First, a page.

The Internet Service Provider subsequently derives a digital signature from the modified IP packets including the reference data sent by the user, in order to secure the identification data and the reference data sent by the user from falsification (data integrity). The modified IP packet is used to calculate a checksum, which is coded with the secret key of the Internet Service Provider (Integrity Check Value). Finally, the Internet Service Provider adds to the IP packet header his electronic certificate (ISP X.509 Certificate), which contains the ISP's public key for decoding the checksum. Thereby, each recipient of the IP message can verify the correctness of the digital signature by decoding the checksum and comparing it to the checksum the recipient has calculated. In addition to that, the recipient has the option to obtain further data on the Internet user (name, address) from the certificate holder (the Internet Service Provider) named in the certificate. (This could be used for Malicious Caller Identification.)
 The proposed realization shows similarities with IPSEC. The main difference, however, is that as opposed to IPSEC, no point-to-point authentication, but rather a point-to-multipoint authentication can be realized, since all data relevant for the authentication (the “name” of the Internet user, the name of the Internet Service Provider (ISP) and his certificate) is contained in the IP packet. In addition to that, there is neither an end-to-end, nor a host-to-host authentication, but rather an ISP-to-host authentication.
 The realization of Internet user identification on the IP level requires a new, optional function of the IP stack. If this function is not available in a recipient host, the entire new AOD information (see FIG. 2) of an IP message is to be ignored. Standard IP stacks nowadays already support this function for unknown IP options.
 Since the length of an IP message changes with the addition of AOD information, the total-length field as well as the header checksum in the IP header need to be recalculated. The digital signature of the Internet Service Provider is valid as long as the data in the IP payload doesn't change.
 It is possible for data in the IP payload to be modified on the way of the IP message to the actual communication partner; this could happen through authorized proxies (such as the VIA field in SIP, IP addresses in NAT). The proxy then also recalculates the total-length field as well as the header checksum in the IP header.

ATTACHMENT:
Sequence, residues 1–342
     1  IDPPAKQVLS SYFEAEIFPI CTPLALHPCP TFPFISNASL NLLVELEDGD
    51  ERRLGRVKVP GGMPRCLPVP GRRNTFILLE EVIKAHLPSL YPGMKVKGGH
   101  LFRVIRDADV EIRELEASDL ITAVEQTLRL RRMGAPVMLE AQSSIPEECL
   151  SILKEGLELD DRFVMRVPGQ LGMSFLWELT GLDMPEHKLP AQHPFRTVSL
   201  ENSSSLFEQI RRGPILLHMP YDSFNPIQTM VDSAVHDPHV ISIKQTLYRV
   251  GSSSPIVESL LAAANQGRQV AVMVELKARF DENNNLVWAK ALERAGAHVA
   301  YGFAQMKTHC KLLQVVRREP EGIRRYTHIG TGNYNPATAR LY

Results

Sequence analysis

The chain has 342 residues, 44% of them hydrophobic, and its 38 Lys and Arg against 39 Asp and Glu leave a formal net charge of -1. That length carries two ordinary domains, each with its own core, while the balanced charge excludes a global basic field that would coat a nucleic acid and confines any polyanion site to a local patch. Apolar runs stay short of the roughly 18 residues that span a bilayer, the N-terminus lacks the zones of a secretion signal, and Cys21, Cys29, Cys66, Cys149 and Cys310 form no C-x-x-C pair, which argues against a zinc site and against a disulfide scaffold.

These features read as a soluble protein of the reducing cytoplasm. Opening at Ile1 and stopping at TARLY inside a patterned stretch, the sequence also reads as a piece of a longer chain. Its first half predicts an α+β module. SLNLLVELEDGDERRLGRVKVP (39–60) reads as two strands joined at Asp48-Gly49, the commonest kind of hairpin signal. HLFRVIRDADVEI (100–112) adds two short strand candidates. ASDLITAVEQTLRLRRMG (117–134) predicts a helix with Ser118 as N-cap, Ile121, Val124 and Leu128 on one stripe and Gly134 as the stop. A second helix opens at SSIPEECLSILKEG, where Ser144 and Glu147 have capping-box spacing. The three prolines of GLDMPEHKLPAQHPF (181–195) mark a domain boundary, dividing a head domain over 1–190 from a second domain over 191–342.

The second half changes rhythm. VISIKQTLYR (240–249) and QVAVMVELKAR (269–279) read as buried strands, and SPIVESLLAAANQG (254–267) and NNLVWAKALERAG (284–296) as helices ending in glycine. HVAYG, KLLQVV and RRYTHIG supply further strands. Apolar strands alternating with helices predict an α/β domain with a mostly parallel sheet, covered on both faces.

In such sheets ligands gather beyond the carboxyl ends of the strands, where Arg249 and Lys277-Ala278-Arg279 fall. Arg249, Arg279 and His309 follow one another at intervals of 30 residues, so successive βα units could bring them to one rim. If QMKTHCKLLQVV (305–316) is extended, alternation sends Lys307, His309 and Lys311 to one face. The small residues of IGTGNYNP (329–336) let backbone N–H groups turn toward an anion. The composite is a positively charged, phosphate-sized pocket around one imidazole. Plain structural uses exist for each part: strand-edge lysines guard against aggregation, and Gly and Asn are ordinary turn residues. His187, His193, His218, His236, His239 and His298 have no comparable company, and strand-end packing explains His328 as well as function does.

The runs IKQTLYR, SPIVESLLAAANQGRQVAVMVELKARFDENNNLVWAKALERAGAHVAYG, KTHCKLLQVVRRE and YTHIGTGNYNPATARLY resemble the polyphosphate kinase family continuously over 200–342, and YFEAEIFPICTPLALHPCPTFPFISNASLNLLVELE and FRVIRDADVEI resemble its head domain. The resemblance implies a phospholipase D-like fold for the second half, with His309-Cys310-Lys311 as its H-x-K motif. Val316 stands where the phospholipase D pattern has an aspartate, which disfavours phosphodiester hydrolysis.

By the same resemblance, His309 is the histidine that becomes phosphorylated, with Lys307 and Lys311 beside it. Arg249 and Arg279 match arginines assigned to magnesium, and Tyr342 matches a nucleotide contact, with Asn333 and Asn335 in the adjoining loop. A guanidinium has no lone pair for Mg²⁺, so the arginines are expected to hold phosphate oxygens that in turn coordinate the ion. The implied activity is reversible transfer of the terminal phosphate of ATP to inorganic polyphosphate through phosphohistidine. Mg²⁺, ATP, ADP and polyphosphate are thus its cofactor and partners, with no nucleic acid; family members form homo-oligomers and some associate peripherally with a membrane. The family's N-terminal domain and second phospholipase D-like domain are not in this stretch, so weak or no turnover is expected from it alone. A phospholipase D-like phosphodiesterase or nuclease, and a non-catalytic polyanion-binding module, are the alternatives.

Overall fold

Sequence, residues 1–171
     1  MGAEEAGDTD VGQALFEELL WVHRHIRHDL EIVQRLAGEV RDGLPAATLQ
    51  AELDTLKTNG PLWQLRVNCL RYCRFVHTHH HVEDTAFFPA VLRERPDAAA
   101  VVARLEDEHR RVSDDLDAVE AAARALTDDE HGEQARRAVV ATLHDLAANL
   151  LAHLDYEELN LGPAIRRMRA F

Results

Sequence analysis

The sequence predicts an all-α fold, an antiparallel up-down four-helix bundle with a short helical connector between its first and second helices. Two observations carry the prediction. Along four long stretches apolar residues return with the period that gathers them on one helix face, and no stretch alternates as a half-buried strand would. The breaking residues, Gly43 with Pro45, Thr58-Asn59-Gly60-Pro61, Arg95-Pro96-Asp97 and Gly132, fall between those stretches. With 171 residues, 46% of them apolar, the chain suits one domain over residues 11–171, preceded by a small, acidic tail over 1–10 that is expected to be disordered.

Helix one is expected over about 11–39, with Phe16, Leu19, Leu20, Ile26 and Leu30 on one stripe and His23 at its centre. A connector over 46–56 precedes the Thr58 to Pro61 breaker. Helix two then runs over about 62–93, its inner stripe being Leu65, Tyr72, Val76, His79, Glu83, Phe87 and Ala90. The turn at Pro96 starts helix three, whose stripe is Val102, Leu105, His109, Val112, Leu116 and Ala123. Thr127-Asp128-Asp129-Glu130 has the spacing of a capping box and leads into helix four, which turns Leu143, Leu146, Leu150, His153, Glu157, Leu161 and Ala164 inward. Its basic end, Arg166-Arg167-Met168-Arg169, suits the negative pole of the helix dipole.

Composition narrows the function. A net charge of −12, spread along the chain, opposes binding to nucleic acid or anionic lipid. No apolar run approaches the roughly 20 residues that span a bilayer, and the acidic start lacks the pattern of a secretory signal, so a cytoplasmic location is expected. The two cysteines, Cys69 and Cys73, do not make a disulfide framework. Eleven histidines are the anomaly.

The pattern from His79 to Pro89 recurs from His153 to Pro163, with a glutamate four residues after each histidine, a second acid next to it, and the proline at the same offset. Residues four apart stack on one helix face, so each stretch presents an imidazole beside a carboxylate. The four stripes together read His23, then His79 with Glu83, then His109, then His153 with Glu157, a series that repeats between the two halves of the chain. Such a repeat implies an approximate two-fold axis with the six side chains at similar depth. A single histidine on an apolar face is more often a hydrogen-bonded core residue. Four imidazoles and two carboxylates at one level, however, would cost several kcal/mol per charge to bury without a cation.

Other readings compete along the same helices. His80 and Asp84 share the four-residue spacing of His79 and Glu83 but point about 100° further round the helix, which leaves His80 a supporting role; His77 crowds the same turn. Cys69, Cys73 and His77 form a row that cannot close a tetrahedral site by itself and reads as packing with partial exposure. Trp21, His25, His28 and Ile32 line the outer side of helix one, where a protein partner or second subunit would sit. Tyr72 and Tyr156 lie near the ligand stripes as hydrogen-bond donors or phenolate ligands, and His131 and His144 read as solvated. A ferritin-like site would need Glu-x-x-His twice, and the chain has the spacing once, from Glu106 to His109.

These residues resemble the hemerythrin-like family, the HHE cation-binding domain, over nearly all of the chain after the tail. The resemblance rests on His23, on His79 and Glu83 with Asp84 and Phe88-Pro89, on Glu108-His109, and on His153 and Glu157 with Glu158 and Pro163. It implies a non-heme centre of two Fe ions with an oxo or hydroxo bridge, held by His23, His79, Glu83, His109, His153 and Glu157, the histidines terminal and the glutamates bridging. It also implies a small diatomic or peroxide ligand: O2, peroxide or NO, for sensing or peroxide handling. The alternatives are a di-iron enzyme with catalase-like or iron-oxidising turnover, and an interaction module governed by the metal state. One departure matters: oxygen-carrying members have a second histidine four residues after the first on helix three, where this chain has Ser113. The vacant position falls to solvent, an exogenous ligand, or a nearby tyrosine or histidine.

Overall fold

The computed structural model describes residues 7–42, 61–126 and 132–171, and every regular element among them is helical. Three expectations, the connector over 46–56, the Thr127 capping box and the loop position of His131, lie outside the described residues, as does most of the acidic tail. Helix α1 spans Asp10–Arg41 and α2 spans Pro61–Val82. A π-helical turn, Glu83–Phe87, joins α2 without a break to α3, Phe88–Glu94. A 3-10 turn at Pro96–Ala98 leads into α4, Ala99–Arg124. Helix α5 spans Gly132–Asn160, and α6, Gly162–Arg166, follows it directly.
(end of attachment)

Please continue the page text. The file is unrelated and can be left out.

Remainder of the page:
In such a case, the proxy can already be the end host of the secured transfer according to the invention. This is the case for example, when the proxy executes the authentication of the Internet user in order to check whether the latter already is a client of the message recipient. The proxy checks the AOD and sends the IP message on without the AOD. Or the proxy adjusts the AOD information and signs these changes by means of a digital signature. For this, the proxy calculates the Integrity Check Value and replaces the prior one with it. In addition, he replaces the ISP certificate with his certificate and adds ISP identification information to the origin identification data.
 As opposed to a realization on the transport- or application level, the realization on the IP level has the advantage that the Internet Service Provider can quickly see in the POP, whether identification data needs to be added or not, since to this end, it is simply necessary to analyze the IP header or to check the policy data base (performance advantage). The data on higher protocol levels, which is exchanged on an end-to-end basis, is not changed. The applications on Internet hosts which use this new IP option, require an expanded IP network interface (IP socket interface) in order to place an authentication flag for an outgoing IP packet when necessary, or to transfer sender identification data to the IP network interface and to read incoming received sender identification data. The ISP who offers the new Internet access feature “identification of Internet users” needs a policy database, which requires administration. In addition to this, the ISP needs a certificate from a public certification entity, which also requires administration and maintenance (update of certificate revocation lists, etc.).